China’s orphans: Hope for the future?

After years of neglect, living conditions in China's state-run orphanages have greatly improved but challenges remain. A UNSW panel on 9 August will discuss what the future hold for the country's orphans. 


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Linda Shum is a retired Queensland school teacher who spent years navigating Chinese bureaucracy to help children with disabilities who were languishing in state-run orphanages, a legacy of the country’s One-Child Policy.

UNSW Associate Professor Xiaoyuan Shang is a leading international expert in the study of social welfare provision to vulnerable children in China, and her work has helped drive improvements for orphaned children in the country’s state institutions.

On Wednesday 9 August, both will join ABC journalist and author Jane Hutcheon for a conversation about China’s orphan welfare system and what the future holds for them.

Hutcheon is the author of China Baby Love, which tells how Linda Shum spent two decades working to establish and maintain foster homes and a special-needs school in China, through her organisation Chinese Orphans Assistance Team.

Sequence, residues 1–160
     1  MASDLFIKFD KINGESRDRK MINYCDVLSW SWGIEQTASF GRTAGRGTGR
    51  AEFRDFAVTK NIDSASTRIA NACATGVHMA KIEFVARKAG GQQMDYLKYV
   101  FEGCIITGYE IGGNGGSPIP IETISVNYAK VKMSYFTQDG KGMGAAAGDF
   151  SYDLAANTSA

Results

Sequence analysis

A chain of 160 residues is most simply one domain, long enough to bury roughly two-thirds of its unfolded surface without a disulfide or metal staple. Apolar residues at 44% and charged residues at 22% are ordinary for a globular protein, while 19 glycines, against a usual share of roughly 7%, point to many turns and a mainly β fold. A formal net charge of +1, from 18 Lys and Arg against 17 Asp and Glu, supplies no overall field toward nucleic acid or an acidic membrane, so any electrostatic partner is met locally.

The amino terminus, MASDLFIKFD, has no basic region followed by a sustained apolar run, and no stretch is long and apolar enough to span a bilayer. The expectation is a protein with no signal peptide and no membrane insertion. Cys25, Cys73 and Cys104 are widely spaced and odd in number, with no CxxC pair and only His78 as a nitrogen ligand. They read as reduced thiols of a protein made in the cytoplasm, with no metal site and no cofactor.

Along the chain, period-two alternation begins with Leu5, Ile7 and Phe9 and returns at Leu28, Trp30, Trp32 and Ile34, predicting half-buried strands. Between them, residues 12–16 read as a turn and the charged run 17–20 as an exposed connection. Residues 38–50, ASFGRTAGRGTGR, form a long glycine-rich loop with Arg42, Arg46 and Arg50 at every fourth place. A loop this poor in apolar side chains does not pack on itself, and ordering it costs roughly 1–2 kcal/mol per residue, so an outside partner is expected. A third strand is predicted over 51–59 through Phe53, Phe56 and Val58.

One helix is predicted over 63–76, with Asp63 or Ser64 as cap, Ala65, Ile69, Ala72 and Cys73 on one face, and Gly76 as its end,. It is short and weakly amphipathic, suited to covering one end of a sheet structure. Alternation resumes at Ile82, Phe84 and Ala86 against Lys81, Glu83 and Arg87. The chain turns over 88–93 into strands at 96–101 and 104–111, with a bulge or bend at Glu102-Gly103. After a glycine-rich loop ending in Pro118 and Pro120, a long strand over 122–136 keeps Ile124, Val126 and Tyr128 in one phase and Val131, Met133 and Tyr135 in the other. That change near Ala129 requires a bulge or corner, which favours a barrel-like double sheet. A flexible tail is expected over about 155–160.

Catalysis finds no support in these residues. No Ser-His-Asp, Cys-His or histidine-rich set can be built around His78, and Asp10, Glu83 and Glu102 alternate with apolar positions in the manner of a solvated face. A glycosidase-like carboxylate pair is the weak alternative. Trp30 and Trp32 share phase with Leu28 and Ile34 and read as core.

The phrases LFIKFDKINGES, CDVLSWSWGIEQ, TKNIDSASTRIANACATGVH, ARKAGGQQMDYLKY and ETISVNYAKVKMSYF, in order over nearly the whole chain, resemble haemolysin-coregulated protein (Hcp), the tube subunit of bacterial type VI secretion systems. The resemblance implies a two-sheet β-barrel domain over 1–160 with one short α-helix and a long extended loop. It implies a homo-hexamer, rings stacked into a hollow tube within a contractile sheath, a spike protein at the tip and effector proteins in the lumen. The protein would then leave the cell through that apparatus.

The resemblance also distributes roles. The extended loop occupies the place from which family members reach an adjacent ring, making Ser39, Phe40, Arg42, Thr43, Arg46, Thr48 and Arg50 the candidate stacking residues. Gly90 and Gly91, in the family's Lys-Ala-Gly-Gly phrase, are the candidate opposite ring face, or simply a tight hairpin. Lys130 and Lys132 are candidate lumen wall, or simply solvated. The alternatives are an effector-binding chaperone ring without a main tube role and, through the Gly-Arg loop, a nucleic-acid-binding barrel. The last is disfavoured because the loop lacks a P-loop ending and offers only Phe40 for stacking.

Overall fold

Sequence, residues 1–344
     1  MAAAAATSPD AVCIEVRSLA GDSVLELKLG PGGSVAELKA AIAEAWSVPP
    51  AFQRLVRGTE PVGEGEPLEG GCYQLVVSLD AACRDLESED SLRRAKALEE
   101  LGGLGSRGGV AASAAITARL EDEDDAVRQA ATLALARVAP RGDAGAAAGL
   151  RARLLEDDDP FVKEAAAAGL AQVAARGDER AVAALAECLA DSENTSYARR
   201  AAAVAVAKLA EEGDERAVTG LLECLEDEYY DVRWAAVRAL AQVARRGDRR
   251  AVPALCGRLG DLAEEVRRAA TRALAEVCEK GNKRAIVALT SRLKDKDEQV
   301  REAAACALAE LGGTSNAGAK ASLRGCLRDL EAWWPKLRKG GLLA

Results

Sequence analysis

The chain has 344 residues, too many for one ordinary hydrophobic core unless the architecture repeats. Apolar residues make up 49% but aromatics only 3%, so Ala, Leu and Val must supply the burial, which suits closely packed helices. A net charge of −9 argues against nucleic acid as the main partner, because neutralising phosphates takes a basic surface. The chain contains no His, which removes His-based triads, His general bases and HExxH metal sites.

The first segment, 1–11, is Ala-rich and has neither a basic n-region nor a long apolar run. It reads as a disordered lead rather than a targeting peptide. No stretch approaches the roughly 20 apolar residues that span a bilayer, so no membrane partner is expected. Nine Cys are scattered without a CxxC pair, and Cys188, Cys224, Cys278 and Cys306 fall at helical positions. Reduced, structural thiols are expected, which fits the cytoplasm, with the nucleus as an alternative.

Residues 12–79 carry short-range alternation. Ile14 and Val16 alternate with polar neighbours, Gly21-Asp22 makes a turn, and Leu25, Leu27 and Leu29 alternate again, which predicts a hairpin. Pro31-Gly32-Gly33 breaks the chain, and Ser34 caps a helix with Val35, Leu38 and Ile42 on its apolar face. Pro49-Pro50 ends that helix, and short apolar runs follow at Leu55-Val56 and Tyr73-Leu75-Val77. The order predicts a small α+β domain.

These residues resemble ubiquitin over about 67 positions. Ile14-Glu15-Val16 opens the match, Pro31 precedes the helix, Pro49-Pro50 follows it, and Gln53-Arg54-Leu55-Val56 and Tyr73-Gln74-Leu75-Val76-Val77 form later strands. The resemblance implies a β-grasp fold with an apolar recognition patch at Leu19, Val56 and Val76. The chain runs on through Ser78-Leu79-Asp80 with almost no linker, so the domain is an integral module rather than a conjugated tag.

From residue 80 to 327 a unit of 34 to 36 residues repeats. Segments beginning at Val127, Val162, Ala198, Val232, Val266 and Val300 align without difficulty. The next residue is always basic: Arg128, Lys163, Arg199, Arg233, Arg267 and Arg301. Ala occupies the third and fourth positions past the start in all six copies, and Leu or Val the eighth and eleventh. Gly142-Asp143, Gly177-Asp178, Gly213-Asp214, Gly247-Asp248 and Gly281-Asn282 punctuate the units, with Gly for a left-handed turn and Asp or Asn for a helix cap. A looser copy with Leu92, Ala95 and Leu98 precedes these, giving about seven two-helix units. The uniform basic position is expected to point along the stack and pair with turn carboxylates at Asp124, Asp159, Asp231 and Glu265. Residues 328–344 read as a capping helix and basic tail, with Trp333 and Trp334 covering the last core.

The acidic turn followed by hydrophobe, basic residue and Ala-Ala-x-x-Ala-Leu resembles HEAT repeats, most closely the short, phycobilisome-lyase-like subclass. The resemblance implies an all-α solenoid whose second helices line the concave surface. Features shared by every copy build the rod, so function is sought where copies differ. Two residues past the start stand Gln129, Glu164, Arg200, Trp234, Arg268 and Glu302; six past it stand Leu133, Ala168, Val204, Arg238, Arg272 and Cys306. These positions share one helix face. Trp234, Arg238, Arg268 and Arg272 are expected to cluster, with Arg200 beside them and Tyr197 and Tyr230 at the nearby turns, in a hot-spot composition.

But Shum’s story isn’t the story of every orphanage in China.

Shang, Associate Professor at UNSW’s Social Policy Research Centre (SPRC) and a Professor at Beijing Normal University, says that in the past 20 years, state care in China has shifted away from institutional care and towards alternative care that recognises children’s rights to an inclusive childhood and adulthood.

Shang and SPRC colleague Professor Karen Fisher have just published the book Young People Leaving State Care in China, which reviews changes in policy and practices that affected the generation of young people who grew up in state care in China during this time. Their previous book Caring for Orphaned Children in China summarised more than a decade’s research on China’s welfare system.

“Owing to the efforts of individuals and government and non-government organisations, the living conditions of Chinese orphanages have improved greatly. Many of these children now grow up in state foster care instead,” Shang says.

But there are still challenges ahead, she says: “China has two types of orphans: those cared for by the state, and those cared for by kin foster carers. For the children cared for by kin foster carers, their future is just like other children – they can grow up normally with the orphan allowance provided by the state. The children cared for by the state have no problem with their material lives but the challenge is how to help them have a normal, independent and happy life.”

What: China’s Orphans: Hope for the Future?

When: Wednesday 9 August, 4-5.30pm

Where: Room 221/223, Level 2, John Goodsell Building, UNSW, High Street, Kensington (closest parking Botany St car park, enter via gate 11)

Bookings: The event is free, registrations here